University trialing new system to help prevent cheating

April 16 / 180

The University of Melbourne is in the midst of trialing a new system to help stamp-out ‘contract cheating’ among students (whereby a student employs someone else to complete assessments).

The trial focuses on Cadmus, an online editing and authentication system designed and developed within the University, in collaboration with alumni, who have been working on the project as part of the University’s Melbourne Accelerator Program.

The system works by requiring students to authenticate and login using a free mobile app, before logging into the web-based system, allowing the institution to verify the identity of the individual using the system, similar to mobile banking authentication.

The system uses advanced analytics, such as typing latency and style, to ensure the student is and always remains the author of the written work being completed.

And while authoring their assignment, Cadmus also provides educative prompts based on the written text input it receives: for example, Cadmus is able to detect unoriginal work and suggest that an appropriate citation be provided, while linking to University guides on how to do this appropriately.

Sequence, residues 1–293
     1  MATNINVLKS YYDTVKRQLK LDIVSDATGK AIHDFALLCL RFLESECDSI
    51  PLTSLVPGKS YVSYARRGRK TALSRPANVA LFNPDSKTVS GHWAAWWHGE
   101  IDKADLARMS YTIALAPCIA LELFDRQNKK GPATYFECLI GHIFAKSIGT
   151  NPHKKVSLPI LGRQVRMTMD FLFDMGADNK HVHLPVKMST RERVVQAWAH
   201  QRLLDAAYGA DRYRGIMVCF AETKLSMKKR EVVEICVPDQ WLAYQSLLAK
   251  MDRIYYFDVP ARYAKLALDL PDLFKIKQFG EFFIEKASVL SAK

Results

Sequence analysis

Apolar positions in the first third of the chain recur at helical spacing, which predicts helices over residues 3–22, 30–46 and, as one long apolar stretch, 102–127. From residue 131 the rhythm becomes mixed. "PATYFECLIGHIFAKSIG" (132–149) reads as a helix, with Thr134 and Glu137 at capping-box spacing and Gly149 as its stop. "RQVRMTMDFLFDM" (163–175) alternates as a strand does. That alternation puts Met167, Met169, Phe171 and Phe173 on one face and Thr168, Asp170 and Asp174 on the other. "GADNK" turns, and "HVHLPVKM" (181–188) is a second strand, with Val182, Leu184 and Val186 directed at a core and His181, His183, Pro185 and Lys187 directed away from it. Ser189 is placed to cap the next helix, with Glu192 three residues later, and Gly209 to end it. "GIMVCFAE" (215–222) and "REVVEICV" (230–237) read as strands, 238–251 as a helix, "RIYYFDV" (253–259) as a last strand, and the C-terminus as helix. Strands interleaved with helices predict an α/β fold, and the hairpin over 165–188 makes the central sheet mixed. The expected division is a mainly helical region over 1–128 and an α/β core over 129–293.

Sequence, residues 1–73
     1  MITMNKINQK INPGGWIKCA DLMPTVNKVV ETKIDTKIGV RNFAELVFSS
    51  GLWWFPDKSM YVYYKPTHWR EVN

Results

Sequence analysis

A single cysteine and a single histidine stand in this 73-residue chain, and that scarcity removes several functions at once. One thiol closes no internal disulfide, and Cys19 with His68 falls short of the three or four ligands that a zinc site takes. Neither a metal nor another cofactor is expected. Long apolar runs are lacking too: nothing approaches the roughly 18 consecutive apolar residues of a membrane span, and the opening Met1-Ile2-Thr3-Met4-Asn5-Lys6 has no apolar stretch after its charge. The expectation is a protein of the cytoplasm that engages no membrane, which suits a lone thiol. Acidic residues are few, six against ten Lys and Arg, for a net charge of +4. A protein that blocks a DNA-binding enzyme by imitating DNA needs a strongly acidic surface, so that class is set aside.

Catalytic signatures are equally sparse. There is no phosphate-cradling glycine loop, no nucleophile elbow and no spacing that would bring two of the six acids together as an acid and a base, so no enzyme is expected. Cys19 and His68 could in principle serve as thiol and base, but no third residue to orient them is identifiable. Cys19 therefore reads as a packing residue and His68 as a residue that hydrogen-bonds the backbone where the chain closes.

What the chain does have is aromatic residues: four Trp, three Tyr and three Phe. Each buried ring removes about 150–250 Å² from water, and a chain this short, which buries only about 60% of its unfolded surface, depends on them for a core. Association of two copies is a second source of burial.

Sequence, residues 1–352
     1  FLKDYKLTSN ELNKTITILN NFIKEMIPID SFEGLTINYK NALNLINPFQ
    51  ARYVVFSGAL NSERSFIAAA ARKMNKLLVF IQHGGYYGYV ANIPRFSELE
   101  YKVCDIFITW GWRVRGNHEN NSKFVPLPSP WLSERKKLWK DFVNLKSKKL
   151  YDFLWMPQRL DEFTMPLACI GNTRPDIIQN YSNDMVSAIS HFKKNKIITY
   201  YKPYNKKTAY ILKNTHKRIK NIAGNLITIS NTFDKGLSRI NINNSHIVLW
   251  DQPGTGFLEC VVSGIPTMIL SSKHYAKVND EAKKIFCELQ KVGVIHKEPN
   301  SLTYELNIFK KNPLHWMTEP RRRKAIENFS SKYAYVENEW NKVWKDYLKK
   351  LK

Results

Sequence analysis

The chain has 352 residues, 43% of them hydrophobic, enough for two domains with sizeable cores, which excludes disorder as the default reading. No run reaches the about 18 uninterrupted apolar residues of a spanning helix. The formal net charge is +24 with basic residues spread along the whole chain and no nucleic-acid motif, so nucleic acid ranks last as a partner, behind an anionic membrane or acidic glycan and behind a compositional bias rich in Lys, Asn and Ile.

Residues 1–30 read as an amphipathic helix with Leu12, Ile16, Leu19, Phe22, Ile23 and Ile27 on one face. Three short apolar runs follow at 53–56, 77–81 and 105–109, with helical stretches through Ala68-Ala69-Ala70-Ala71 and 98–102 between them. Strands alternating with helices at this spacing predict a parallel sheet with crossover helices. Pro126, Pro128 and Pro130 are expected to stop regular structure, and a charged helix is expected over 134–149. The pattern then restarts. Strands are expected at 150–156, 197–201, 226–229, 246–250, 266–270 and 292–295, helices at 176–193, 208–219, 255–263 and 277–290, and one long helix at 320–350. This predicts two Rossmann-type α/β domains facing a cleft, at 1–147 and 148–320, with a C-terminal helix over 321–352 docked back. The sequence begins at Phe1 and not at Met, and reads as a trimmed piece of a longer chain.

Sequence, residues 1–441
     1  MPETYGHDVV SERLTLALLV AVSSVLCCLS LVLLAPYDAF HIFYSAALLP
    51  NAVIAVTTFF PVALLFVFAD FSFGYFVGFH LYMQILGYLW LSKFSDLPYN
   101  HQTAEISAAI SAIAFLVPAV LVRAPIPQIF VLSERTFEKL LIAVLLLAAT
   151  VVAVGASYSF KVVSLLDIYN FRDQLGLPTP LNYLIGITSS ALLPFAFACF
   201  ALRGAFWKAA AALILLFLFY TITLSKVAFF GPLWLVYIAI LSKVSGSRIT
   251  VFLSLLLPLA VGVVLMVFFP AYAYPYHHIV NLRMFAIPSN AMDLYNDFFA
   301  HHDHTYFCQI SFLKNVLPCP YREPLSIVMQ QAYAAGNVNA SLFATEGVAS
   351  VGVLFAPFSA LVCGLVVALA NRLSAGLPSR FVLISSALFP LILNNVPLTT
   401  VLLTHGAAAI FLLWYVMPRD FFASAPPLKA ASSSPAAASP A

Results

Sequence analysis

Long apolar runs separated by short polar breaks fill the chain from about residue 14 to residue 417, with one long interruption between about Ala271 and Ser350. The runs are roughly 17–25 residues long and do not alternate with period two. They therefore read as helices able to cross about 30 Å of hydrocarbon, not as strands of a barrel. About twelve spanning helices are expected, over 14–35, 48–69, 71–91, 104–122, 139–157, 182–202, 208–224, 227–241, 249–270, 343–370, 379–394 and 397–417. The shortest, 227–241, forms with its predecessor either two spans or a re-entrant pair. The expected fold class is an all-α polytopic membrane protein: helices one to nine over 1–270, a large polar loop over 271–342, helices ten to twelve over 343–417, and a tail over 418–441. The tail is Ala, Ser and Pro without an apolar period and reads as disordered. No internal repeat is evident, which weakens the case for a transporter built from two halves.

The system has so far been trialed with more than 300 students in two faculties between the end of semester 2015 and the 2015-16-summer semester. More trials are continuing throughout this year.

Pro-Vice Chancellor (Academic) Professor Richard James says the University of Melbourne believes it has come up with a robust way to deter would-be cheats.

“There is no silver bullet for preventing or eliminating cheating. However, the Cadmus trial is showing us there is a potential for the University to add a barrier to cheating for important written assessment tasks, thus increasing the degree of difficulty for those who want try.”

“Our challenge as a University community is to provide an environment that not only discourages cheating, but also provides guidance and support on high quality academic practices for students at all levels of study,” Professor James says.

“The extent of intentional cheating through ‘ghost writing’ or ‘contracted essays’ is largely unknown and unknowable. But we do know that services exist to provide contracted assignments to students and this is a growing industry.

“And while the vast majority of our students understand and follow principles associated with academic integrity, the University and the entire sector cannot ignore the minority of students within our community who depict someone else's work as their own.

“We hope Cadmus is another tool we can use to enforce these principals and uphold academic integrity,” he says.

Story by David Scott.

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